The European Union (EU) is “satisfied” with the Philippine government’s explanation on the campaign against illegal drugs by the administration of President Rodrigo Duterte amid criticism that it is violating human rights.
Presidential Task Force on Media Security (PTFoMS) executive director, Undersecretary Joel Sy Egco, said the Philippine delegation, in a series of engagements in Brussels recently, was able to assure the EU that human rights violations are not a cause for concern in the country.
“There were some questions raised, interaction. But at the end of the meeting, satisfied naman sila (they were satisfied),” Egco said in a Palace briefing.
“At the end of the meeting, they were satisfied.”
For his part, Presidential Human Rights Committee Secretariat executive director, Undersecretary Severo Catura said the EU is now beginning to understand how necessary the aggressive crackdown on illegal drugs is in solving the country’s illegal drugs problem.
“Kaya nga isa doon sa mga ginawa ng (That’s why one of the tasks done by the) EU delegation is to explain before the chiefs of mission what are the different accountability and mechanisms of the country in addressing these problems,” Catura said.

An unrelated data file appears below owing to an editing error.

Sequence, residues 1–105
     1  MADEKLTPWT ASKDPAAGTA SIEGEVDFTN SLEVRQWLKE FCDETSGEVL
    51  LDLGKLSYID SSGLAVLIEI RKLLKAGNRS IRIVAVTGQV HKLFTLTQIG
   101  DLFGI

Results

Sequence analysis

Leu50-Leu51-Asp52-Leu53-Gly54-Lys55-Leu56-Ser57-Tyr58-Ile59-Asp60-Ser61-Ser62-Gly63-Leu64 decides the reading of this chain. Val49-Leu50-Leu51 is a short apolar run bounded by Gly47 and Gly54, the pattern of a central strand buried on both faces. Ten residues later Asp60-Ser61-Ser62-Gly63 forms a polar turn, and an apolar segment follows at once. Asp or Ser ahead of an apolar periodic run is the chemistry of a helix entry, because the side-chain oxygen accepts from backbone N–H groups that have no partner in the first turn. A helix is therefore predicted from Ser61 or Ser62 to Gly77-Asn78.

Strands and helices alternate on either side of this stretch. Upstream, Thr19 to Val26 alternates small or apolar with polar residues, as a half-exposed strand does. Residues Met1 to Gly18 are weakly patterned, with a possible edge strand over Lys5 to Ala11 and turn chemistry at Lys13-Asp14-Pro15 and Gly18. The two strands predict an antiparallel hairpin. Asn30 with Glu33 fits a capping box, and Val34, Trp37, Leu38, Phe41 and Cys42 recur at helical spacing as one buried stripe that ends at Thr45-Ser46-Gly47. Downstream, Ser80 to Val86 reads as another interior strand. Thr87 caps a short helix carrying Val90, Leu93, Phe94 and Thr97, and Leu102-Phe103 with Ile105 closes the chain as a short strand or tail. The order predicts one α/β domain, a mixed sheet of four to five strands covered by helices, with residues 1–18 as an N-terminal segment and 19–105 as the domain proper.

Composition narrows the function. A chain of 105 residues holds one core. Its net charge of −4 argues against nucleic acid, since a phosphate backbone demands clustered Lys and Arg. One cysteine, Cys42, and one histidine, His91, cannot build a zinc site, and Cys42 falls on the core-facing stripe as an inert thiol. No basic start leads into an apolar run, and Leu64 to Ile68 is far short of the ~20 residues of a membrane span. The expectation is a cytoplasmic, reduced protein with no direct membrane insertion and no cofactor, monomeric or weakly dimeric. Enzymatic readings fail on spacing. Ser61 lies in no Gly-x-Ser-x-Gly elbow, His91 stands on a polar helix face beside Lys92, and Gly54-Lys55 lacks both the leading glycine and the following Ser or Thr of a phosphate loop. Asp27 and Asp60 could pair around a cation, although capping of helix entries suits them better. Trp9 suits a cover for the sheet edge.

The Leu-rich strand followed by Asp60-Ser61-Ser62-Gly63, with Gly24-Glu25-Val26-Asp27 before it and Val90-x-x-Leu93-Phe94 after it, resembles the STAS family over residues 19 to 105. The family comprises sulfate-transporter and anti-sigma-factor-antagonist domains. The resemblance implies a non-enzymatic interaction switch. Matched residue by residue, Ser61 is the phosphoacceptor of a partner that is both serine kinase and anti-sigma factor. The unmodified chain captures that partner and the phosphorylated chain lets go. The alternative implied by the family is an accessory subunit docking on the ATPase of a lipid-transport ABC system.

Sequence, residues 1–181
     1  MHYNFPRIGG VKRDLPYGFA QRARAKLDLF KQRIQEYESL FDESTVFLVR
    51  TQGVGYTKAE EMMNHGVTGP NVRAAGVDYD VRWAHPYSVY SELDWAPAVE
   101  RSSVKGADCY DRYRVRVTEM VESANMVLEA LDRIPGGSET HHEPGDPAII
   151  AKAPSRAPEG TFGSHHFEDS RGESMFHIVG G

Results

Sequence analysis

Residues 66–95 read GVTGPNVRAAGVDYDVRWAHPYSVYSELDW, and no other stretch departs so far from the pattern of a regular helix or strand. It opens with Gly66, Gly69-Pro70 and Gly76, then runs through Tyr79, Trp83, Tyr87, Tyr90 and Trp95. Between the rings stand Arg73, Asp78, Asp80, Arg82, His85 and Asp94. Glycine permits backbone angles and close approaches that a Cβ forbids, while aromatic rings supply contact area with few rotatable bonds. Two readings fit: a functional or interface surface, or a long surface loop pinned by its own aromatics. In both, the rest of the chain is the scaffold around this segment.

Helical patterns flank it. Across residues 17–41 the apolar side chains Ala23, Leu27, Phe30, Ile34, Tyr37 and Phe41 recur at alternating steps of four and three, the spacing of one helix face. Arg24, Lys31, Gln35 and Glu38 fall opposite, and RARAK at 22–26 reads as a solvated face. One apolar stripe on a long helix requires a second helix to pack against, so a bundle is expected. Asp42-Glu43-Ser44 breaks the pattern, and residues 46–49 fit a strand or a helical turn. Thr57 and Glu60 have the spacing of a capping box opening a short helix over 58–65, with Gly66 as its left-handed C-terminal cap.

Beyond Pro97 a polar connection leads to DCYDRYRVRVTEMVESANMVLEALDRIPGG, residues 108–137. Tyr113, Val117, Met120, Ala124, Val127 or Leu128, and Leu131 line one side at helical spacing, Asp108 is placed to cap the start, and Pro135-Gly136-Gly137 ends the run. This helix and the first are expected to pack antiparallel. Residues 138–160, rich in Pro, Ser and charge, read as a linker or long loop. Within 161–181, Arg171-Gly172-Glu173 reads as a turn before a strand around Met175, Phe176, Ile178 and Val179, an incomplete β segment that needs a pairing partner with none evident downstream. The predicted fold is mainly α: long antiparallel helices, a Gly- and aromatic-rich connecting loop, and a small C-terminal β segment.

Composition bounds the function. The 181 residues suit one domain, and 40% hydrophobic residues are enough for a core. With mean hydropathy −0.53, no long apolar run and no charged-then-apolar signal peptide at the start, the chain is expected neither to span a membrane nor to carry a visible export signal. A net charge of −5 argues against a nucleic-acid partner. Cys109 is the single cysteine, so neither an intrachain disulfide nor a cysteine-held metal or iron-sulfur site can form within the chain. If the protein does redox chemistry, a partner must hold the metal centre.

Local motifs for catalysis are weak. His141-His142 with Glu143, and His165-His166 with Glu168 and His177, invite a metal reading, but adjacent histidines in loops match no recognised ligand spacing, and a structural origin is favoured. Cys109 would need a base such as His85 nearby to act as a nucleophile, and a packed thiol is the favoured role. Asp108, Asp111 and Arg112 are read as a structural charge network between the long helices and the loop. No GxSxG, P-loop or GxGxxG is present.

“I would like to believe that there’s already an appreciation of what we are doing in terms of addressing the anti-illegal drugs problem in the country,” he added.
Catura noted the Philippine delegation’s “struggle” to explain the drug war since critics have been inflating the number of people killed during buy-bust operations.
However, he said the Philippine delegation was able to successfully clarify this.
“We are seeing an appreciation coming from the global community, and we see it as a very positive development,” Catura said.
“Of course, there are still interested groups who would want to pad the figures, but then again, madali lang naman ma-i-explain sa kanila at alam na nila (it’s easy to explain it to them and they know),” he added.
Catura welcomes the EU’s receptiveness to listen, saying it was a good start to changing the international community’s perception of the drug war.
“At least there’s already this large window of openness na kung saan tayo puwedeng pag-usapan iyan (where we can talk about it),” he said.
“There’s already this large window of openness.”
Meanwhile, Catura acknowledged the remark of United Nations (UN) High Commissioner for Human Rights Michelle Bachelet that the drug war “should not be considered a model by any country.”
Bachelet made this statement during the 40th session of the UN Human Rights Council in Geneva, Switzerland on March 6.
“(On) Madam Bachelet, the mere fact that she has been able to utter that compels us to really push for the information campaign, na dapat makarating sa kaniya (that should reach her),” Catura said.
He also emphasized that the Philippines’ election to another term in the Human Rights Council is a vote of confidence in the Duterte administration’s human rights record.
“Let’s just say that all efforts are works in progress. The mere fact that you were elected to a fifth term, speaks highly of what we are doing,” Catura said.
“Of course, we are not a perfect state. There are flaws. But then again, there are success stories that we can highlight,” he added.